At Integrated Content, we are currently working with our client CSMG (Collegiate Sports Management Group) and Apple Music to build a curated playlist where all the music is chosen by the audience (i.e., college kids) through a voting system, and then we use that music to kickoff a dance competition with user generated content to win money for college. In order for them to participate and have a say in which songs are chosen. as well as enter the dance contest, they have to download a free Apple Music trial. Simply offering a free trial isn’t enough anymore; people want it attached to a cool experience, and if the experience can also bring them a reward, then they are more likely to engage.
Is there anything marketers should think about before exploring gamified advertising?
I think the biggest thing for us as an agency is finding clever ways to make these competitions come about naturally. I think the Ice Bucket Challenge was the first phase of this concept. It went viral because it presented a “challenge” (dumping cold ice on your head) and a reward (challenging others to do it and getting recognized for your accomplishment when they do).
In order to go viral, we always get marketers to think about the value their idea will bring to the community. Right now, we’re creating an American Idol-type show on Twitch with One True King, one of the largest groups of streamers on the platform. It’s designed to help give smaller streamers a boost by putting them in front of OTK’s audience to do their thing. So when partnering with Progressive as the show’s sponsor, we’re asking “what’s the main goal?” and “How do we achieve that goal by giving value to the community we’re trying to get in front of?”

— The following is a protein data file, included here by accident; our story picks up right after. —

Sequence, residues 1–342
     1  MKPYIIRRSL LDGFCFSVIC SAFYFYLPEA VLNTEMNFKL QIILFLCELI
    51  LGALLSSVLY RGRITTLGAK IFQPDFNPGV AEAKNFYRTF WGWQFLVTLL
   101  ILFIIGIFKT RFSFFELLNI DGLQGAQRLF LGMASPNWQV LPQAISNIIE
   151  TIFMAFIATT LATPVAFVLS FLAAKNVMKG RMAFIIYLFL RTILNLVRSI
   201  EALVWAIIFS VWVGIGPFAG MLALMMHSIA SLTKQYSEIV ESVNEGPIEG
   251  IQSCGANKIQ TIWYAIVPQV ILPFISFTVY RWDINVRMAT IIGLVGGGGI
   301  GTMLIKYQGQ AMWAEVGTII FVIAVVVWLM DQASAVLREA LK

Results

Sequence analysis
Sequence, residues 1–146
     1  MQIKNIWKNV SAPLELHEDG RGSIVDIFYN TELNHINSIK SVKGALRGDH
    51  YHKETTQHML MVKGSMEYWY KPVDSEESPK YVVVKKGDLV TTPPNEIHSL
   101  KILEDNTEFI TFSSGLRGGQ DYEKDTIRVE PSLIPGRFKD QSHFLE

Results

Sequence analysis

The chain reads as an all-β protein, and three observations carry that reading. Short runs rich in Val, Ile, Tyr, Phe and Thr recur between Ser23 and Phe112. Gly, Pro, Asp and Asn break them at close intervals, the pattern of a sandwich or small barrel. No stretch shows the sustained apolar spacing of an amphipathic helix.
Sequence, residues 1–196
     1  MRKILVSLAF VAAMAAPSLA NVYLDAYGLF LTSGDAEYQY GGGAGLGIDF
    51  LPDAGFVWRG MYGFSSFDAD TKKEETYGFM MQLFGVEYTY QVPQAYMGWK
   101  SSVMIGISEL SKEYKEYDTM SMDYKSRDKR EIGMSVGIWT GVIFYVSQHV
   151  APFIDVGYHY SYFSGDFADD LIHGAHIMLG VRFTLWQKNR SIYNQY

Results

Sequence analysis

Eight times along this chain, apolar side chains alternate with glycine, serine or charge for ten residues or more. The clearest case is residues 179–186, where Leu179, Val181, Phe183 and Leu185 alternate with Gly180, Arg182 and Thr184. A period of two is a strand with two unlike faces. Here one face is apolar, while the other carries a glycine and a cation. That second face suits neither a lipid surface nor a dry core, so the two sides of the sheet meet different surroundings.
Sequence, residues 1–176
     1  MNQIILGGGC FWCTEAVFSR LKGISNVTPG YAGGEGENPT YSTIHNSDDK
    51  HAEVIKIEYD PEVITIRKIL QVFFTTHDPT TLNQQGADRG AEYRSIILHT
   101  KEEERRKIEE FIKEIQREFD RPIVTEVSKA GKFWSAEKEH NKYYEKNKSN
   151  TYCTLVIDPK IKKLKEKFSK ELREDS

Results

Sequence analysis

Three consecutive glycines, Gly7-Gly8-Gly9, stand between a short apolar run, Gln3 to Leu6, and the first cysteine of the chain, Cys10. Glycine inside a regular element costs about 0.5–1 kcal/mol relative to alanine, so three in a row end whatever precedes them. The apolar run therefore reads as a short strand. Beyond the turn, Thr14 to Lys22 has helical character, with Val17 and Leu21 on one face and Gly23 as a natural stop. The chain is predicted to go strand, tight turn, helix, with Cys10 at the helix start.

I always tell brands that they have to be willing to get laughed at. These audiences want authenticity, so if you want to get in front of them in the right way, everything has to be “Meme-able” and “Clip-able” — meaning it has to be a moment viewers will remember and be willing to share as a form of social currency. Knowing about it and sharing it will elevate them inside their social circle which gives them that social value. And a lot of the time, that translates to a brand being turned into a parody or mini-game (e.g., the Deuce Destroyer). This type of content is strategic; it has the power to make them feel left out if they don’t see or share it.
What do you think the future of gamification in advertising looks like? What’s next?
There is so much untapped opportunity in this space, and I think augmented reality is where it is. The fact that we can blend the real world with an overlayed virtual one without having to be at a computer or TV screen is huge. We saw it take off with PokemonGo, where these worlds collided in public places and outside spaces, and that was just the start.
I think Apple will get us to the next phase of this soon with their wearables. In my mind, that means using technology to take the knowledge of how long it’s been since we last purchased a pair of shoes and our proximity to the mall to not only show us some available products, but also alert the salesperson who will have your size pulled by the time you get there. In the past, consumers would see an ad and choose whether or not to respond. But as brands start living within this virtual space, ads are now making us respond because of the experience they provide, and it’ll be exciting to see where this takes us — in every world.